2014 Press Releases

UCC lecturer explores meaning of life

13 Oct 2014
Author and UCC lecturer Catherine Conlon signs copies of her new book, ‘Saol – Thoughts from Ireland on Life and Living’ Pictured: Dr Catherine Conlon (left) with Dr Paul Beirne (front) and Dr Fiona MacLeod of the Dept of Epidemiology and Public Health UCC and Tom McCarthy, Office of Media & Public Relations, UCC.

Author and UCC lecturer Dr Catherine Conlon has launched a new book on the meaning of life, with some of Ireland’s best-known personalities among the contributors. 

Dr Conlon signed copies of the new book, ‘Saol – Thoughts from Ireland on Life and Living’ (The Collins Press, €12.99) in Waterstones (Patrick Street, Cork) on 11 October 2014 for ‘Books Are My Bag’, an initiative by the Booksellers Association aimed at highlighting the importance of bookshops.

The collection aims to inspire self-reflection and lead readers to reconsider the real value of their lives. From the earliest times people have pondered why we are here and people continue to probe for reason and understanding of the human condition.

Contributors such as humanitarian Christina Noble, author Alice Taylor, astronaut Chris Hadfield, broadcaster Bill O’Herlihy, clinical psychologist Dr Tony Humphreys, author Roisin Meaney, journalist Fergal Keane and nearly 60 more speak openly about what it is to be alive today, the legacies (if any) they want to leave behind and what it means to live a useful life.

The collection also features contributions from UCC staff past and present, including scientist Dr William Reville and Professor Graham Parkes of the Department of Philosophy.

Dr Conlon, a lecturer in epidemiology and public health at UCC, is originally from Dublin but now lives in Blackrock, Cork.

She comments “I love this quote from Erwin Chargaff – ‘Science is wonderfully equipped to answer the question ‘How?’ but it gets terribly confused when you ask the question ‘Why?’’ so I decided to ask lots of different people “why are we here?” The result is ‘Saol - Thoughts from Ireland on Life and Living’, a compilation of insights from people from all walks of life – writers, artists, psychologists, journalists, politicians and even an astronaut!”

Dr Conlon’s keen interest in holistic health gave rise to her book 'Sonas: Celtic Thoughts on Happiness' (2009) that explored the depths beneath the distractions of modern life. She has also published a novel, 'Valentia', about island life off the coast of Kerry.

The launch inspired the Irish Examiner to canvass readers as to their thoughts on the topic:

The Cork News also features a profile on Dr Conlon ahead of the event:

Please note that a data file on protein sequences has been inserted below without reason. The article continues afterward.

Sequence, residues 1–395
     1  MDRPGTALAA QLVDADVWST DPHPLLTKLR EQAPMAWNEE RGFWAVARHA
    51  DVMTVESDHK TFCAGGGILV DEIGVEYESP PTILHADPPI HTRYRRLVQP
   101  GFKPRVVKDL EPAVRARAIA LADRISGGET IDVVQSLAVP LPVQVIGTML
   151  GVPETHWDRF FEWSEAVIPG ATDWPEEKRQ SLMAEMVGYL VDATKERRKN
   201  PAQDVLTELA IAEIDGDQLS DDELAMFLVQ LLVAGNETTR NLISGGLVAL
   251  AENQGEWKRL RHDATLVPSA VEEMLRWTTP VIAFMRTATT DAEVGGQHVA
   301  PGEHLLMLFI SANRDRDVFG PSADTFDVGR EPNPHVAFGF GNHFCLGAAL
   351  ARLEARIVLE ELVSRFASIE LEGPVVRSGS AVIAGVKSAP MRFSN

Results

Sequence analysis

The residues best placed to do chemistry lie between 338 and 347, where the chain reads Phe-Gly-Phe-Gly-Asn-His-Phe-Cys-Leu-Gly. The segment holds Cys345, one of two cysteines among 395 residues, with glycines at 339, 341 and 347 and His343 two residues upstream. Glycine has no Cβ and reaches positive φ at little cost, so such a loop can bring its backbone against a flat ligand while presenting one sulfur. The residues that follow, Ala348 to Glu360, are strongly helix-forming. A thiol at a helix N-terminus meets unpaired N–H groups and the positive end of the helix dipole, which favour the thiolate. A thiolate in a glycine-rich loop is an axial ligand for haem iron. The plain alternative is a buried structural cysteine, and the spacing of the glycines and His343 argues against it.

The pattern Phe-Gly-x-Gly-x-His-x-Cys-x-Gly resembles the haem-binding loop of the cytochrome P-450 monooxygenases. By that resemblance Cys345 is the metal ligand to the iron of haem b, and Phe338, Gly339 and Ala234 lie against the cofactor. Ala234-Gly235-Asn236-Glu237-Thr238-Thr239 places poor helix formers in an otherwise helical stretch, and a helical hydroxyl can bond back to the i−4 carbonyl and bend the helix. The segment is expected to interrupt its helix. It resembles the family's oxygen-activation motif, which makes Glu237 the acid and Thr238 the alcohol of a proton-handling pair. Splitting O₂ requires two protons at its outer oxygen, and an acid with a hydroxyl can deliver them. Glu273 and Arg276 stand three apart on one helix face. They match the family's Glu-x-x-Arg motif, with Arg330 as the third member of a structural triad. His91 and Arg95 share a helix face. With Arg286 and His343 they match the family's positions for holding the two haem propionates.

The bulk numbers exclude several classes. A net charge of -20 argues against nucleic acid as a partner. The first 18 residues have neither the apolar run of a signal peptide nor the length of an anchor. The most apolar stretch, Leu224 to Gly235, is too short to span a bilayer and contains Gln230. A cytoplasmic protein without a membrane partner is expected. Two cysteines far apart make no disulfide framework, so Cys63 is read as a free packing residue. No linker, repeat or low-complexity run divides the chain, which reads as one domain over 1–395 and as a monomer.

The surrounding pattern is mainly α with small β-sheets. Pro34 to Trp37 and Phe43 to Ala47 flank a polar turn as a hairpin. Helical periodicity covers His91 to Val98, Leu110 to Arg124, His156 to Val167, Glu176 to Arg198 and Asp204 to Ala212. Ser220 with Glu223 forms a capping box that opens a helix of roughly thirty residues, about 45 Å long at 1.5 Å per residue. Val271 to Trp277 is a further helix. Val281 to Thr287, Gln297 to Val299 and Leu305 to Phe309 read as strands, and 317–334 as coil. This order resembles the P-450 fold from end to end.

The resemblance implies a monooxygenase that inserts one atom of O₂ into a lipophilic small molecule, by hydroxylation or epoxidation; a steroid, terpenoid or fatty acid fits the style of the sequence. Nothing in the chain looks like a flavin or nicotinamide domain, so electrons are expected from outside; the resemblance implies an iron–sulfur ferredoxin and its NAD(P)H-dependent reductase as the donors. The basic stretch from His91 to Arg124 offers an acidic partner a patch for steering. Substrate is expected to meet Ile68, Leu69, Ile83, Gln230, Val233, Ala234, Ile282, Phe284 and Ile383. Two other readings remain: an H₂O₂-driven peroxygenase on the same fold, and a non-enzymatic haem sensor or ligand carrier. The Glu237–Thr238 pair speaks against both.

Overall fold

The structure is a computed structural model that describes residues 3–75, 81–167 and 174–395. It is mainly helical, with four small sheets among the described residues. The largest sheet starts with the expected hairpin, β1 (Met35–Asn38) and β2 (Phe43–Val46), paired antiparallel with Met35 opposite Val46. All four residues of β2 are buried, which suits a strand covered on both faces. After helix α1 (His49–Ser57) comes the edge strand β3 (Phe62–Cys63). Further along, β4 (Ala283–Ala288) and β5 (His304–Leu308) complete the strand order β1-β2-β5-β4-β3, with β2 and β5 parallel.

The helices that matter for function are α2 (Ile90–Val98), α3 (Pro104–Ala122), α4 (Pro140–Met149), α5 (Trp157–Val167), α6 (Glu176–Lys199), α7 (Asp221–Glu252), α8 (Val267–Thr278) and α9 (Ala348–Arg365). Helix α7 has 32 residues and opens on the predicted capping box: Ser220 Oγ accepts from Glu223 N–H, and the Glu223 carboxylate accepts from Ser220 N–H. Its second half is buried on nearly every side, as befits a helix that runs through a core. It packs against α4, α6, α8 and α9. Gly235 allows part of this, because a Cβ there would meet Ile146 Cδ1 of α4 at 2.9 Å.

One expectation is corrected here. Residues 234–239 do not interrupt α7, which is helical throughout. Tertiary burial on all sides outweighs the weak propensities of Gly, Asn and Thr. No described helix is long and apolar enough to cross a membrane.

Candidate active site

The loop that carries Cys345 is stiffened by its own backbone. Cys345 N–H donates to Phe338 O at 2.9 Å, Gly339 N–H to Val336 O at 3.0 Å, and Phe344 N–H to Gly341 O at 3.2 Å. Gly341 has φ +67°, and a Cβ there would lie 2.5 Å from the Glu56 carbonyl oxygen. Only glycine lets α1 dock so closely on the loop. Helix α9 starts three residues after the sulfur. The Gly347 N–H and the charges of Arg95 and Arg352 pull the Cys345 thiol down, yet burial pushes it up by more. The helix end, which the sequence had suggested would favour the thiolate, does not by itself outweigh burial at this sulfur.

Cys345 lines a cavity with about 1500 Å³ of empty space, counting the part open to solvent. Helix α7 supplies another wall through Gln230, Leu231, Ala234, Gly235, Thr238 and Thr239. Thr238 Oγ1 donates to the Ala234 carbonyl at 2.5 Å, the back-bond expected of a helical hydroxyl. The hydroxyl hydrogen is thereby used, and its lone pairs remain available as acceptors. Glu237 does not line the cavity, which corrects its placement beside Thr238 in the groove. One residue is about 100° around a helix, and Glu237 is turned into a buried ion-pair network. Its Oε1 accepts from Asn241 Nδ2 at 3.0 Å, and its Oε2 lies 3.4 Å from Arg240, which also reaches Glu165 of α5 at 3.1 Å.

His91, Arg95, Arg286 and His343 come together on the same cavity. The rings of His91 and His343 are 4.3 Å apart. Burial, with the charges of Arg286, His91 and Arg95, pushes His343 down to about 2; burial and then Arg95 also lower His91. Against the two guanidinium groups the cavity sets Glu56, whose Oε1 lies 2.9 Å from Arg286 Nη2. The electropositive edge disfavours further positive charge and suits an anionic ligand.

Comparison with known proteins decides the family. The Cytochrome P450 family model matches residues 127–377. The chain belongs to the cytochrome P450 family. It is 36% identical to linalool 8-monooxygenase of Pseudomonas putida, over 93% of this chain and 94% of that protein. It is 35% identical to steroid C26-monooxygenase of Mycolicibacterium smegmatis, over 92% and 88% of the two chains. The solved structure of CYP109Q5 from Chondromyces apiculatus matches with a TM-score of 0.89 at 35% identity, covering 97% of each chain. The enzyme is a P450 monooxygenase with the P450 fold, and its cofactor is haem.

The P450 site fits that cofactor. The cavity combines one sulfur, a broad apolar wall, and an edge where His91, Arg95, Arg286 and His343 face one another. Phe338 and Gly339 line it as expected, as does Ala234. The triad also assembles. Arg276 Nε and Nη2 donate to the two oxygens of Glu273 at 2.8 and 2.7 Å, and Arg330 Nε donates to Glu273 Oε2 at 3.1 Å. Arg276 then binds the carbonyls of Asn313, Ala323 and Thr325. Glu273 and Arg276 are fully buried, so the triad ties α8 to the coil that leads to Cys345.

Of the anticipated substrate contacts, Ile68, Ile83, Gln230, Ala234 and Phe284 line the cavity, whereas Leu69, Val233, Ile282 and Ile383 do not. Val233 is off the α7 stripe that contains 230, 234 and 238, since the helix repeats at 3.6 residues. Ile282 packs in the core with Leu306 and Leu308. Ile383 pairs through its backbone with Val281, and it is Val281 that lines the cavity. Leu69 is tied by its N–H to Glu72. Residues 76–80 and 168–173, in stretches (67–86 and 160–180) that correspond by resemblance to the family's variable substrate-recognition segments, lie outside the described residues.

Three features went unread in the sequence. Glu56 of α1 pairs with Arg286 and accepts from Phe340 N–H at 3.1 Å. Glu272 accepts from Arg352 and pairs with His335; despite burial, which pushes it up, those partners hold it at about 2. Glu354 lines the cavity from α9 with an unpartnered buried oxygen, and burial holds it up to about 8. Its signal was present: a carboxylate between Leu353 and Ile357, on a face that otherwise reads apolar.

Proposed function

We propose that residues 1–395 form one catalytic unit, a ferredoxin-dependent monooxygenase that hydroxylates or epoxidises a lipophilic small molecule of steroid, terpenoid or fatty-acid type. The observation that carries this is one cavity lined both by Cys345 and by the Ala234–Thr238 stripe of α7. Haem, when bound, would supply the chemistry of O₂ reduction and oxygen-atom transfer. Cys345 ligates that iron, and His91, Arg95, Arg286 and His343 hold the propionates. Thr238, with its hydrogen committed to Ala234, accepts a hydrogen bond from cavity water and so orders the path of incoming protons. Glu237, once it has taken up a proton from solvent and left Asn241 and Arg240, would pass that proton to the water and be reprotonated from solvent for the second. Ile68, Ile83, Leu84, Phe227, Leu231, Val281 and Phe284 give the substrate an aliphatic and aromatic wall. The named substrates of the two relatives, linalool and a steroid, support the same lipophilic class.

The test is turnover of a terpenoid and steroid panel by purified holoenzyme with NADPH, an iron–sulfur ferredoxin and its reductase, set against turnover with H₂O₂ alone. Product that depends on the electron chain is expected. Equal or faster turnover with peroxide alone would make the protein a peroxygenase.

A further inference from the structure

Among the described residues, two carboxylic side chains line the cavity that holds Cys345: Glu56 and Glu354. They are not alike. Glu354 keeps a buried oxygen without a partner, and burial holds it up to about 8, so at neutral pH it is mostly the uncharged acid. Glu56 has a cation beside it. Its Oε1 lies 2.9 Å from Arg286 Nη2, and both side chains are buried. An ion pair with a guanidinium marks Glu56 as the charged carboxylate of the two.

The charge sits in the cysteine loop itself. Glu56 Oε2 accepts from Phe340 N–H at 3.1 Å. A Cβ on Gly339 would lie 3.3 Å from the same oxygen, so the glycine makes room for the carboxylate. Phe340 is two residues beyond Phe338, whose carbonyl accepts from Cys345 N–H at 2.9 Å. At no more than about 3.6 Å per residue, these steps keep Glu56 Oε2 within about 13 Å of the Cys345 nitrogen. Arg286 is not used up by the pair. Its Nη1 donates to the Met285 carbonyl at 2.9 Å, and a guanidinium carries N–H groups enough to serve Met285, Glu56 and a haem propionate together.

A review of the book can be viewed here: ‘The meaning of life – Saol takes on the big question’

The book can be purchased at the Collins Press website.

Some thoughtful insights from the contributors:

  • Arminta Wallace believes she was put on this earth to answer emails!
  • Barry Egan believes meditation has helped him to be less of a "moody crankypants".
  • Bill O’Herlihy wants to be remembered as someone who tried his best. Quietly.
  • Carlo Gébler believes he’s here, through a series of benign accidents, to fulfil a non-negotiable obligation, the care of an imagination.
  • Colm Keena rejoices in grammar, "one of the evolutionary wonders of the world".
  • Dermot Bolger’s poem to his late wife reminds us "there is no next time".
  • Every night, as Eleanor McEvoy goes to sleep, she thinks of three things she’s grateful for that happened during the day, and one thing she is looking forward to on the following day.
  • Christina Noble’s philosophy is about giving people a life, not just an existence. 'Noble', the film of her life, starring Deirdre O’Kane, will be released on 19 September 2014.
  • Noelle Campbell-Sharpe believes she is still here to offer a no-strings-attached sanctuary for the weary artist, blocked writer, where creativity could blossom.
  • Pat Storey, the first female bishop in western Europe, believes that having a sense of purpose is one of the keys to unlocking happiness in life.
  • Peter McVerry believes the purpose of life is to leave the world a better place.
  • Peter Sheridan remembers a man who said "Religion is for people who are afraid of hell, and spirituality is for those who have already been there."
  • Rosita Boland loves the urban prayer that is the graffiti written on a wall not far from her home – "You’re Alive. Avail of this once in a lifetime opportunity".

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